Let $\mathbb{F}$ be a field and $d,n$ be positive integers with $d <n.$ Then does there exist a injective ring homomorphism from $M_d(\mathbb{F})$ to $M_n(\mathbb{F})$ ? (BTW A ring map sends $1$ to $1$)

I failed to produce a $1-1$ ring map. This appears in the process of solving a field theory exercise from Dummit and Foote. For your ref. it is Problem number $19.(b)$ in sec. $13$ (Second Edition). Any help will be appreciated. Thanks.

Edited Later:Prob. $19.(b).,$ Section $13.2,$ from Abstract Algebra by Dummit and Foote(Second Edition) is stated below.

Let $K$ be an extension of $F$ of degree $n.$ Prove that $K$ is isomorphic to a subfield of the ring $M_n(F),$ so $M_n(F)$ contains an isomorphic copy of every extension of $F$ of degree $\leq n.$

  • $\begingroup$ Could you say what the Dummit and Foote exercise is? $\endgroup$
    – Slade
    Dec 29, 2018 at 8:01
  • 1
    $\begingroup$ And such a map does exist when $d\mid n$: send $A$ to $n/d$ copies of $A$ in block diagonal form. $\endgroup$
    – Slade
    Dec 29, 2018 at 8:04
  • $\begingroup$ Yes, I stated the Problem from the abstract Algebra book by Dummit and Foote. $\endgroup$
    – user371231
    Dec 29, 2018 at 9:15

1 Answer 1


As Slade notes in a comment, this is true when $d\mid n$, and the homomorphism from $M_d(\mathbb F)$ to $M_n(\mathbb F)$ can be defined by sending a $d\times d$ matrix $A$ to a block diagonal matrix with $n/d$ copies of $A$.

However, it is not true for general $d$ and $n$. We can see this, for example, with $\mathbb F=\mathbb C$, $d=2$, $n=3$. If we have such an injection, let $A$ be the image of $$\begin{pmatrix}0&1\\0&0\end{pmatrix}$$ and $B$ be the image of $$\begin{pmatrix}0&0\\1&0\end{pmatrix}.$$ Then $A^2=0$, $B^2=0$, and $(A+B)^2=I$. We can see (e.g. using the Jordan form) that the only $3\times 3$ matrix $A$ satisfying $A\ne0$ but $A^2=0$ is, up to similarity, $$\begin{pmatrix}0&1&0\\0&0&0\\0&0&0\end{pmatrix},$$ so $A$ must have rank $1$. Similarly $B$ also has rank $1$, so their sum $A+B$ has rank at most $2$. But this contradicts $(A+B)^2=I$, which would require $A+B$ to be invertible and so have full rank.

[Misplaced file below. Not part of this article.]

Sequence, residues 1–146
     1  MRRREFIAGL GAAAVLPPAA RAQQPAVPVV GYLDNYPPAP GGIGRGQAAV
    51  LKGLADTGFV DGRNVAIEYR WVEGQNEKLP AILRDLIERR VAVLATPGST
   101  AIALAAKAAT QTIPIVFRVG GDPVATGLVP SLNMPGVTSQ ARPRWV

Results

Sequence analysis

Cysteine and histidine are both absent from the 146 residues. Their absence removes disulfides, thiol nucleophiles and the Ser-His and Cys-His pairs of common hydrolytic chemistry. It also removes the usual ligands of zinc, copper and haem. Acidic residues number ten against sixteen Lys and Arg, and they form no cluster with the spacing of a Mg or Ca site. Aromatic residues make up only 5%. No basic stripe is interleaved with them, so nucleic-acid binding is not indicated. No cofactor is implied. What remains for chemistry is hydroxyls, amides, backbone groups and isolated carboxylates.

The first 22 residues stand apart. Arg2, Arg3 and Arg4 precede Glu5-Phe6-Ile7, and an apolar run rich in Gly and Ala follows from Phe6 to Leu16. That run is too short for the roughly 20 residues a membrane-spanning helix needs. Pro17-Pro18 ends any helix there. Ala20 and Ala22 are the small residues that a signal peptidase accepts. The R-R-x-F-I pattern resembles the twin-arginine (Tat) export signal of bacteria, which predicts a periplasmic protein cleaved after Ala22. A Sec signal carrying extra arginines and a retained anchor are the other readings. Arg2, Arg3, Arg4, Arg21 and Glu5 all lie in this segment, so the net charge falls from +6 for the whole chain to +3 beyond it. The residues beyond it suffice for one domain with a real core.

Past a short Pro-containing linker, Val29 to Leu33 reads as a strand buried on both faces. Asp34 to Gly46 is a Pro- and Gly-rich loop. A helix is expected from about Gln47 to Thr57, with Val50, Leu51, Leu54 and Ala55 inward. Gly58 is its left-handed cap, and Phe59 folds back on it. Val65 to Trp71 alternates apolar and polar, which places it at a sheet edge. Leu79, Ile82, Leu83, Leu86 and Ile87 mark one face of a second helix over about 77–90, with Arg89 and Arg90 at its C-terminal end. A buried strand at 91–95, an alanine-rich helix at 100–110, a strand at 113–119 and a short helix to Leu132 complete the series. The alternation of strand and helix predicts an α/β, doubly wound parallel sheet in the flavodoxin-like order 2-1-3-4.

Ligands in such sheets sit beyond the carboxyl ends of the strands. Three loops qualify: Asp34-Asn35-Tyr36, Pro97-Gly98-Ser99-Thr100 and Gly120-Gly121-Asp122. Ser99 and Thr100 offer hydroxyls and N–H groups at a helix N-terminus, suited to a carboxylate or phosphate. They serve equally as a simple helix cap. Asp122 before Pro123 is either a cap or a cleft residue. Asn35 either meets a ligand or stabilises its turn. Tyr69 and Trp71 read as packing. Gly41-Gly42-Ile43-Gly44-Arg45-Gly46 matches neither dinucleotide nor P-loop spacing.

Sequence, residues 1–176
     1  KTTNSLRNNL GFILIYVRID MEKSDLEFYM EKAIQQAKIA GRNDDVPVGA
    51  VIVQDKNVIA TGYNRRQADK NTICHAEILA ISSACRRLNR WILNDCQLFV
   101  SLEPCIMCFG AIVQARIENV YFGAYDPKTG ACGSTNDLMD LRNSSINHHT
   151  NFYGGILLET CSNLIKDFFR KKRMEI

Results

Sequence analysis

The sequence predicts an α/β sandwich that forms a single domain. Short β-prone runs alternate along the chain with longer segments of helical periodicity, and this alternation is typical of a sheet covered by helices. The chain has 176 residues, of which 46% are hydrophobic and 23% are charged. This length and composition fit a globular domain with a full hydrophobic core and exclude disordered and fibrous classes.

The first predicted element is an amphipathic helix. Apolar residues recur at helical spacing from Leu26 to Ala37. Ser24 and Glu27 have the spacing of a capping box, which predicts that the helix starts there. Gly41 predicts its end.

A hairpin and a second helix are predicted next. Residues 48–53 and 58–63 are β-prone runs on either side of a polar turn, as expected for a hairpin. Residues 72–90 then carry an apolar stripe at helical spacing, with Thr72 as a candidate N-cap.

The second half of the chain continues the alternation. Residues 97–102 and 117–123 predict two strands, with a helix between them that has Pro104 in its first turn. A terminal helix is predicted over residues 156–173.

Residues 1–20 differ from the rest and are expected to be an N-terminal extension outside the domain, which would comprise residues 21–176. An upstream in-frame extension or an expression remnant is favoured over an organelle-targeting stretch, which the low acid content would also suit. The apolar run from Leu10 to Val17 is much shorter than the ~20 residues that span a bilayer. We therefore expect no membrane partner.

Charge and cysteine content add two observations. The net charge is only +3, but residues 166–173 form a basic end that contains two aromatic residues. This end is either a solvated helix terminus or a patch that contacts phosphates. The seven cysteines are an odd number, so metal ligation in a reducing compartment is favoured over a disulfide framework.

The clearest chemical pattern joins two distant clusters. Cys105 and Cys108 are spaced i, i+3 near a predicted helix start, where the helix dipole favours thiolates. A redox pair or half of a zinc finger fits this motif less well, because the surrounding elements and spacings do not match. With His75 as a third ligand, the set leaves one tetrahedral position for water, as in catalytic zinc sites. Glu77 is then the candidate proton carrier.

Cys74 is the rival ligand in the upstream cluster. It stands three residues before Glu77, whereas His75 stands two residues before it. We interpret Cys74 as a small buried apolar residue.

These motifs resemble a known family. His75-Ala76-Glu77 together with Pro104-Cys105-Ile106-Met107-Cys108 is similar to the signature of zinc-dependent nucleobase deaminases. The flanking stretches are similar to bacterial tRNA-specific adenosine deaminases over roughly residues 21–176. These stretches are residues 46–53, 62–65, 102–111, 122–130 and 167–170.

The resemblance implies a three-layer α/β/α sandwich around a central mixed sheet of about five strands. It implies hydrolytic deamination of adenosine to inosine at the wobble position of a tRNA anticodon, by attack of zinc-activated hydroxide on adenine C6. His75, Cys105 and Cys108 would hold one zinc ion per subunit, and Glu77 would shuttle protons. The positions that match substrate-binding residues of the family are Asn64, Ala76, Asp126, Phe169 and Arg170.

This proof uses a bit of linear algebra and doesn't generalize to show that the statement is false for all $d\not\mid n$, although I expect that it is so.

  • $\begingroup$ Nice answer, many thanks. And I guess the Dummit Foote problem can be solved without using this. $\endgroup$
    – user371231
    Dec 29, 2018 at 9:20
  • $\begingroup$ If extension of $F$ means that intermediate subfield of $F$ and $K$ then this answers the question. $\endgroup$
    – user371231
    Dec 29, 2018 at 9:22
  • 1
    $\begingroup$ Yes, I'm guessing the problem comes in with the last statement, "...contains an isomorphic copy of every extension of $F$ of degree $\le n$" specifically the $<n$ part. I believe that may be an error in the exercise, and that actually it's only true for the $=n$ case, but I'm not sure - it's worth asking a separate question about that. $\endgroup$
    – Carmeister
    Dec 29, 2018 at 9:32
  • $\begingroup$ Ok then I'll ask a separate question, thanks for the nice counter example. $\endgroup$
    – user371231
    Dec 29, 2018 at 9:38

Your Answer

By clicking “Post Your Answer”, you agree to our terms of service, privacy policy and cookie policy

Not the answer you're looking for? Browse other questions tagged or ask your own question.